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Cosmogony is the branch of astrophysics that studiesthe origins and structure of the Universe at large (as opposed to the study of theorigins of particular celestial objects). Correspondingly, a cosmogony is an account of how the Universe came to be; hence, the creation story in the book of Genesis is one such cosmogony, and there are many others, both scientific and mythological .

Cosmogony studies the origins of the universe itself, on both a microscopic (quantum cosmological) and macroscopic(relativistic) scale, at the beginning of time (usually denoted t=0). This is contrasted with cosmology , which studies the Universe at large, throughout its existence. Cosmogony addresses development of theUniverse only peripherally through the Planck era (t=10-43 s), and sticks to the Beginning itself. Hence, theories of cosmogony, whetherscientific or not, often question the conclusions of philosophy and theisticbelief systems, giving rise to three classical paradoxes of "causation," "conservation," and "time regression" describedbelow.

Modern science has begun to clarify the nature of theseparadoxes but has not yet resolved them. For example, one can apply the current understanding of grand unified theories (GUTs) -- both quasi-classical (such asgeneral relativity) and modern (such as quantum, superstring, and M- theories) - in thought experiments to these threeprimary cosmogonic paradoxes. While the resultant inconsistencies may obfuscate mankind’s ability to classically reason outthe conditions found at t=0 without theistic intervention, these paradoxes can nonetheless be analyzed rationally using thesubatomic applications of quantum cosmology , particularly through the employment of the Schrödinger wave equations.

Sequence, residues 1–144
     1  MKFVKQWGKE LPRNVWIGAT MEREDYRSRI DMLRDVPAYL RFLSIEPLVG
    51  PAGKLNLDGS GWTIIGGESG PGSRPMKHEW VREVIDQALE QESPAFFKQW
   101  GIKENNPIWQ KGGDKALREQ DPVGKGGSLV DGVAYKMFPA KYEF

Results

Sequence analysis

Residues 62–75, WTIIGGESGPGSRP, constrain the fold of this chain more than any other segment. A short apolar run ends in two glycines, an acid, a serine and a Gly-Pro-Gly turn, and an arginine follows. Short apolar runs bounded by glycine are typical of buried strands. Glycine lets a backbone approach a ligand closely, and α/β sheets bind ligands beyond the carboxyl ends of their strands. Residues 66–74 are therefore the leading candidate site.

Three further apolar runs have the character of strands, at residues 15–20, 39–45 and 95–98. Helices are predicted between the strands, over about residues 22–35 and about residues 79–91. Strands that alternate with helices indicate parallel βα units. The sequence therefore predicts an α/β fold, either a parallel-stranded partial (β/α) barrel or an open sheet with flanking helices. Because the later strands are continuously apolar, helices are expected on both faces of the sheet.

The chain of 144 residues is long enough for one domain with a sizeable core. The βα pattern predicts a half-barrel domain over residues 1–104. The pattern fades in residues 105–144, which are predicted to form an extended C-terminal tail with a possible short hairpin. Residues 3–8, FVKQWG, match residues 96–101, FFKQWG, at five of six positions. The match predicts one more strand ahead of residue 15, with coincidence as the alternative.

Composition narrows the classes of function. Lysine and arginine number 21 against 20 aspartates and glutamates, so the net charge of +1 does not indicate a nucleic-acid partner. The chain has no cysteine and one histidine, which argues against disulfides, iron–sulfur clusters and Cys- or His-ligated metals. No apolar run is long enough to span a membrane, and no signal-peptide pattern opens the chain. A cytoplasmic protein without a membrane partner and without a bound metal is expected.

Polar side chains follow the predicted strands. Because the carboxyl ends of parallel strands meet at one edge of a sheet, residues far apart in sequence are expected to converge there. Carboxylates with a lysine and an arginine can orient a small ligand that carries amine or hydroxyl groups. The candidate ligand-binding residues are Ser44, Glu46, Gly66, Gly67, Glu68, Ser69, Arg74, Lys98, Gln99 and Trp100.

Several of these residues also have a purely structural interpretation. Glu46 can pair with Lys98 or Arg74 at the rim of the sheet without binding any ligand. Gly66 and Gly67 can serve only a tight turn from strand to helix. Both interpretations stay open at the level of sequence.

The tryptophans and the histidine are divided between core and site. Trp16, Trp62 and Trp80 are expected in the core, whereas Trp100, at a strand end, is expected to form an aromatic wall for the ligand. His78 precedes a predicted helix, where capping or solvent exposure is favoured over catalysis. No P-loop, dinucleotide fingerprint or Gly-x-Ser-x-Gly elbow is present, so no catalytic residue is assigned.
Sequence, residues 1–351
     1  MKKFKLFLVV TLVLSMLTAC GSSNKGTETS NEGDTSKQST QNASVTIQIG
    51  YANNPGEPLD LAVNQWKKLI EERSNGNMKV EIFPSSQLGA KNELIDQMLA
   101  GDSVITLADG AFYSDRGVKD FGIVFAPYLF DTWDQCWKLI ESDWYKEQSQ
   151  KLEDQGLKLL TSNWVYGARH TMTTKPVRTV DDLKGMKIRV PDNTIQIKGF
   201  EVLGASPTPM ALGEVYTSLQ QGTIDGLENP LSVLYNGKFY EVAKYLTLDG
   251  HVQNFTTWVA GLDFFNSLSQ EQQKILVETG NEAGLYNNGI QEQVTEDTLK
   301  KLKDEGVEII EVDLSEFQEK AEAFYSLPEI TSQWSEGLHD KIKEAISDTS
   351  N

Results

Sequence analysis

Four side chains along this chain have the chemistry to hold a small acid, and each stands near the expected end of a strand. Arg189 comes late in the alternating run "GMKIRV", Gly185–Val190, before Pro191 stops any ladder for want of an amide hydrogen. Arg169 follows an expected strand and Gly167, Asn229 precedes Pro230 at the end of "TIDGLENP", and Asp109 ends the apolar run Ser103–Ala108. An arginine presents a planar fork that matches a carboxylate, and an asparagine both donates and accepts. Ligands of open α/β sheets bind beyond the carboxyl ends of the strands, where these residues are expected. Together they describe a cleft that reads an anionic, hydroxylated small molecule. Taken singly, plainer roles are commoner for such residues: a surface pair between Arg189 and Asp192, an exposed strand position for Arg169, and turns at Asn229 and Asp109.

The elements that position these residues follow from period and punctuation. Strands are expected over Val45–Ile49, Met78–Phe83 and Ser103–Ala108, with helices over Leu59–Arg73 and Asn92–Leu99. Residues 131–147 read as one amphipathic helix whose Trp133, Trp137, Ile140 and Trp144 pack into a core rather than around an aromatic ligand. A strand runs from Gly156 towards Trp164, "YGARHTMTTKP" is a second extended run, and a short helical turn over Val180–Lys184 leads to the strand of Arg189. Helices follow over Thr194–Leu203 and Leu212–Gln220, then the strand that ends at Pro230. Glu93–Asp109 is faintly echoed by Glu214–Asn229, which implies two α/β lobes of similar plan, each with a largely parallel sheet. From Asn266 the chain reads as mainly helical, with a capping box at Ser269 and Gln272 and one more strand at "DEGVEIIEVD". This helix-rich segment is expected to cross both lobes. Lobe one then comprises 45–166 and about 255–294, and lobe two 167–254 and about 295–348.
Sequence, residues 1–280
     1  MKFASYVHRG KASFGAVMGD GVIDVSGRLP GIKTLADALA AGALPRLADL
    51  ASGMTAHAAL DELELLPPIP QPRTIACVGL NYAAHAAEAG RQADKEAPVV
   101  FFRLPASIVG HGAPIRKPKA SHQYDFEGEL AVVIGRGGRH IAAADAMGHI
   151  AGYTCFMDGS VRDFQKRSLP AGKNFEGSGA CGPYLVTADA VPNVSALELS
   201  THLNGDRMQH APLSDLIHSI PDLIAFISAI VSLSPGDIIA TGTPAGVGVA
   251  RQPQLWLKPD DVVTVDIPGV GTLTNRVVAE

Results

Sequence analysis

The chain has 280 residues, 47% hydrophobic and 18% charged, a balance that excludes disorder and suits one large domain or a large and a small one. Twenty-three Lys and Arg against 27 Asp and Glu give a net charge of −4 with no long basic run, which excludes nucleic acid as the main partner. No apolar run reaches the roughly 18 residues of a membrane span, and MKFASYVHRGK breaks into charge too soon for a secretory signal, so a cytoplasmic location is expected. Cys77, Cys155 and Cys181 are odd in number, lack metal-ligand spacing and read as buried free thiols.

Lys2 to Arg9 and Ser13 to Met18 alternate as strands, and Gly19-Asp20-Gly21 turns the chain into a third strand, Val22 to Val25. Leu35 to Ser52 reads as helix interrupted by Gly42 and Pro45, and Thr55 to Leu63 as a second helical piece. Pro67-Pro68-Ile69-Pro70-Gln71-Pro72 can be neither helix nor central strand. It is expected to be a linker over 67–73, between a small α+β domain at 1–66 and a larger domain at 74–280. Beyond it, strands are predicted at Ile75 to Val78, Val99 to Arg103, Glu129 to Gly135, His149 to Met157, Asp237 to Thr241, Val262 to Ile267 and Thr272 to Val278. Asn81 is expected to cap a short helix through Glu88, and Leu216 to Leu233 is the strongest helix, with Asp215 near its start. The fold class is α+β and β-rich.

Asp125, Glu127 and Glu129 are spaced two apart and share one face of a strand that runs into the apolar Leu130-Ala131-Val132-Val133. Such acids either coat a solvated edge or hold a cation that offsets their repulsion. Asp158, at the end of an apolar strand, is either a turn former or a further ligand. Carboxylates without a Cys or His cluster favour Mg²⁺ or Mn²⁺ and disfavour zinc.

Current GUTs (Grand Unified Theories), in the light of their application are beginning to resolve inconsistencies in somecases. The Paradoxes themselves (aesthetically best defined by the likes of Kierkegaard, Wilde, and Leibniz) which befuddleclassical cosmogonies are

  1. reconciling a doctrine of causation (similar to the 13th century proof of Godposed by Thomas Aquinas );
  2. reconciling the conservation law ("something fornothing");
  3. reconciling issues of temporal (as in Zeno's paradoxes ) and logicalregression .

In each case, where general relativity fails as thecurvature of space-time invokes singularities from its equations at t=0, the statistically "grey" nature of quantum cosmologytends to allow a scientific rationale to account for each paradox, and in so doing allows for a scientific perspective onpreviously theistic turf - in many ways planting seeds for harmonizing a holistic system of science and belief. Thisreconciliation can go a step further and apply quantum "fuzziness" to describe quantum application to cosmology (per theWheeler-DeWitt application of subatomic position and momentum equations to universal radius and expansion), and thereafter avoidincalculable issues such as boundary issues, as surmounted with the Hawking-Hartle Wave Function. We will also see thecompatibility with superstrings and M-/Brane Theories owing to their quantum-like effects. We will find that the most challengingparadox to atone for will be logical regression, and whether the current "design" of the universe is a matter of phasetransitions, chance (statistics), or another underlying, unknown system of logic. Even superstrings and M-Brane Theories are not"special" in that we may still ask the question, "but why was that particular geometry chosen?"

Irrespective of the ability to achieve an understanding of t=0, scientific advance will move onward to seek understanding ofincreasingly higher states, and in so doing approach the theistic territory of belief systems.

See also

cosomgony, universe, cosmogny, creationism, cosmognoy, cosmology, cosmogon, beginning, cosmoogny, issues, cosmgony, current, osmogony, time, csmogony, reconciling, comsogony, theistic, cosmogoy, system, cosmogoyn, nature, cosmogoni, causation, cosogony, regression, , systems, ocsmogony, wave, comogony, apply, csomogony, unified, cosmoony, inconsistencies, cosmgoony, hence

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